So you've saved up your pennies and now you're ready to add to your mic collection. Or maybe you've had your eye on some preamp recommended by that one guy at the local music retailer. Maybe you're even out in the middle of nowhere, and all you have access to is the Internet, with no chance to really see the gear of your dreams and test it out before dropping all that cash on it. Sure, most places give you a money back guarantee for a certain period of time, but wouldn't it be nice to actually hear that mic or that preamp in action before you get it in your studio and realize it's not what you were looking for?

That's exactly the service Dan Richards hopes The Listening Sessions will provide (but don't forget Lynn Fuston's series of comparison CDs at TLS grew out of Dan's work as a reviewer for, and his relationship with South Carolina's Sea Note Recording, and involves taking a single sound source and putting it through as comprehensive a selection as possible of a certain type of gear (which so far has included small and large diaphragm condenser mics and high end and low end mic pres). He posts the results on the Listening Sessions web site (, has started to release CD versions of TLS and even plans to begin putting them out on DVD-A for greater clarity and detail. We talked for a few hours about TLS, project studios, web forums and the art of listening.

First of all, how would you describe TLS? Who is it intended for and what is the process?

Well, so far The Listening Sessions allows people to listen to audio clips of mics and mic pres. We have free MP3s available on the web and are soon releasing CDs and DVD-As. The audience is anyone who is in my position, in that they're not near any major gear store or don't have a chance to try out all of the gear available. Even when I lived in New York City and could audition a lot of gear in the studio, it still didn't even scratch the surface. I do agree, ultimately, with the people who say that you have to try the gear in your studio for your applications — there's no substitute for doing that. But the fact of the matter is there is a majority of the audio gear-buying market that simply can't do that. Sure, you can order a couple of pieces from some of the retailers, try them out and return the one you don't want, but even before you do that you have to figure out which ones you want to audition. Who can round up a collection of over 30 budget large condenser mics or over 40 pairs of small condenser mics or 50 mic preamps, and listen to all of them? TLS is not any kind of final word. It's intended for someone who just wants to get a general idea of the particular sonic character gear might have, and it's for the person actively looking to make a purchase. Jeff Costa and I have been handling the engineering and Brian McKenzie has been there for most of the sessions — either playing, cheerleading or just listening. Working on TLS is a completely different beast than regular music recording sessions. Setting up 30+ mics or a bunch of preamps, and tracking a 30 or 40-second "piece" has more involved with it than you'd think. We learn as we go, and we're now quite a few sessions into TLS. I think we're up to about 15 sessions so far.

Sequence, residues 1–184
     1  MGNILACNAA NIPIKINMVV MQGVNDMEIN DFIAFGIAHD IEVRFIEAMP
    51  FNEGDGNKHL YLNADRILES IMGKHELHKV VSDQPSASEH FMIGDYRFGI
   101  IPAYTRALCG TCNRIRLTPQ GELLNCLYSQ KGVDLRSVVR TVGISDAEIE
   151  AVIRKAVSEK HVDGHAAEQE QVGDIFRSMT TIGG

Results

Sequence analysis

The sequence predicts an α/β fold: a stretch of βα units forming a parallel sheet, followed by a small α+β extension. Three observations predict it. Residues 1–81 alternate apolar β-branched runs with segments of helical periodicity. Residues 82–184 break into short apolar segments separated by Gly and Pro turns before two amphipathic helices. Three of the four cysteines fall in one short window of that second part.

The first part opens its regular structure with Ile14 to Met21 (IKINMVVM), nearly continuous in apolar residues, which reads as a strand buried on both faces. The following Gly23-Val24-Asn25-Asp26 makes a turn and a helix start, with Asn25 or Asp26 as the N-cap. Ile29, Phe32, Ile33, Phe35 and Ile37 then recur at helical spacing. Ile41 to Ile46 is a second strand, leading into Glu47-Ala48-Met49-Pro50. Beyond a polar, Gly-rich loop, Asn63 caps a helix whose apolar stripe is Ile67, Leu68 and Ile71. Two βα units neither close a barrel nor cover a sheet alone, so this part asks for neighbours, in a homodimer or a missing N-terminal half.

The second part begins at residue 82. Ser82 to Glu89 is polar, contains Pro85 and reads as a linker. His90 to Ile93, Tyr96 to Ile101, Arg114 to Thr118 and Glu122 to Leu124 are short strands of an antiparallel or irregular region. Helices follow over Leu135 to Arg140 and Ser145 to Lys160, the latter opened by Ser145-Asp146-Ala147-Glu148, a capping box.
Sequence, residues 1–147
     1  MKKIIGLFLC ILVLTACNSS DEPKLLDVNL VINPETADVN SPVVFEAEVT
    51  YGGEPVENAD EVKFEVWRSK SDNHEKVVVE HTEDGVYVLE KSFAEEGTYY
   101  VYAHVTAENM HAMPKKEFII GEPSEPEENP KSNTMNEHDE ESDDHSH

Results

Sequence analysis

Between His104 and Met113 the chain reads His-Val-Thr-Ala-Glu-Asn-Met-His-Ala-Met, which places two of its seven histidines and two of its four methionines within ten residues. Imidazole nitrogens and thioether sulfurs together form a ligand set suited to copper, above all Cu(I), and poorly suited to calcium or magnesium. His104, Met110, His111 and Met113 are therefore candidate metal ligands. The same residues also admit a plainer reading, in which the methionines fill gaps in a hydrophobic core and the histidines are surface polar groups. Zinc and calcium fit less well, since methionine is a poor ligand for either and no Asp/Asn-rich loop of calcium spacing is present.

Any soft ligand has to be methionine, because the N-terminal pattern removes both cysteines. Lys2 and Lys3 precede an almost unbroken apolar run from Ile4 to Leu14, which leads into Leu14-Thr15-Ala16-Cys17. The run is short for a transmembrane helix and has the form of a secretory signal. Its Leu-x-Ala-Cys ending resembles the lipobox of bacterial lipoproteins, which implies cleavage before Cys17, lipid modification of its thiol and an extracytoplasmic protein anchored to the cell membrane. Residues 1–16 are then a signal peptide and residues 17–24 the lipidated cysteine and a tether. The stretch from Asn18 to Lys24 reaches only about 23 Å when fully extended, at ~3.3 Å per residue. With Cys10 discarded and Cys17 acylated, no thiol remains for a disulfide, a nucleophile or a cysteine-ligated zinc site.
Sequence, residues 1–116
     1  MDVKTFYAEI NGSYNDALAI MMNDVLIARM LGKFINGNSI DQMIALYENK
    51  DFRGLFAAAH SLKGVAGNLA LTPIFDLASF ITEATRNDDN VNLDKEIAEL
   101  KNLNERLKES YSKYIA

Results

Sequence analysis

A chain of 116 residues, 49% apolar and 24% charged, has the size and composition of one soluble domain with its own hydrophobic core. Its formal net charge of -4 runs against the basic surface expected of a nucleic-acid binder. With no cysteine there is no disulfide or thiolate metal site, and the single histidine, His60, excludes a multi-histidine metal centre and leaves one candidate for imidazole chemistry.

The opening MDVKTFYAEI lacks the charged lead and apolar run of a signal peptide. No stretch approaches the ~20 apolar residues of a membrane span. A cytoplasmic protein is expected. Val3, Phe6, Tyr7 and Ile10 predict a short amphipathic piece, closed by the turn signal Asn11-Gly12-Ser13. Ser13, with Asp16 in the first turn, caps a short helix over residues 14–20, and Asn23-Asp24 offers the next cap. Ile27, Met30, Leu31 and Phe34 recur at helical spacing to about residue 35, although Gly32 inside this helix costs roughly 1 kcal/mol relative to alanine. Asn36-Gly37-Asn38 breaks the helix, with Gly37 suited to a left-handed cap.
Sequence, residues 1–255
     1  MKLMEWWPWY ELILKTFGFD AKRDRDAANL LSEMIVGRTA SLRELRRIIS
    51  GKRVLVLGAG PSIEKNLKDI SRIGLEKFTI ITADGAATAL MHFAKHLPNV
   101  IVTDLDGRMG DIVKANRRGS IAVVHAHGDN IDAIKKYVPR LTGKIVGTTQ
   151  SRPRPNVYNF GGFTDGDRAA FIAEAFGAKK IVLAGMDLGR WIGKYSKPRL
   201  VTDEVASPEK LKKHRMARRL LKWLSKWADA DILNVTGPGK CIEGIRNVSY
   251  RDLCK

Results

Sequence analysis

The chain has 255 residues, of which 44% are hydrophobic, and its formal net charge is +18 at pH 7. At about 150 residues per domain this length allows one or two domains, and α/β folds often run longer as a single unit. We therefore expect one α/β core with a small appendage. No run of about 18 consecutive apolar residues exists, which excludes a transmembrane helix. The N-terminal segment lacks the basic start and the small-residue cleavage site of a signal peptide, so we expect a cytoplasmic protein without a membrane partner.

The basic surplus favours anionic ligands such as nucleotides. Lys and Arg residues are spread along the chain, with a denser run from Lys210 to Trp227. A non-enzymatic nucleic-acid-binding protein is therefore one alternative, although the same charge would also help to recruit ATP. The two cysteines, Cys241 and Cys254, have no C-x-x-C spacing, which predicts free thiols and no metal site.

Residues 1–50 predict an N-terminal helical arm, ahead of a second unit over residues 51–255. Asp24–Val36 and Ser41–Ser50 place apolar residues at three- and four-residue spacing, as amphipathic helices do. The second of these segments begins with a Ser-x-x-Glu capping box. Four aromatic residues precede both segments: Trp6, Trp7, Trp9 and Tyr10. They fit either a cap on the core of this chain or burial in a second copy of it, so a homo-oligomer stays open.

How did the idea for TLS come about?

It wasn't really an idea, more of an extension of a need. I started out as a contributing editor at Digital Pro Sound, reviewing gear and writing articles. I ran into a new local studio, Sea Note Recording, and asked owner Rob Gainer if he'd be up for trying out some new gear. A bunch of people showed up: engineers, other studio owners, singers, musicians — and what happened got recorded and burned to CD. I ripped the tracks to MP3 and posted them at an undeveloped web site. Two weeks after that page had been up I checked the stats and there were over 20,000 hits. So, I came up with the name for The Listening Sessions, and started the TLS web site in late December of 2002.

Twenty-thousand hits in the first two weeks is an awful lot of traffic for a brand new site.

I'm fairly active on a lot of the online-recording forums, posting as "Dot". After I put up the first MP3 page I just went around to some of the forums and posted a topic about it with a link. Things took off from there, so I decided to make a dedicated web site. Everybody is downloading from the curious novice to the pros.

What would you say are your skills as an engineer/producer, and how do they relate to TLS?

I think the producer in me is getting more of a workout than the engineer, in that I'm working with players and singers who have to do sometimes over 50 takes of the same 30-second piece. I need to coach the talent and make sure they're "up for it" and are delivering good performances. And I don't care how good of a player you are, trying to nail 50 takes with a consistent performance each time is taxing. I'm also dealing with lots of scheduling and windows of opportunity that open and close. The Small Condenser Mic CD 1, which was recorded a few weeks ago, literally had a three-day...

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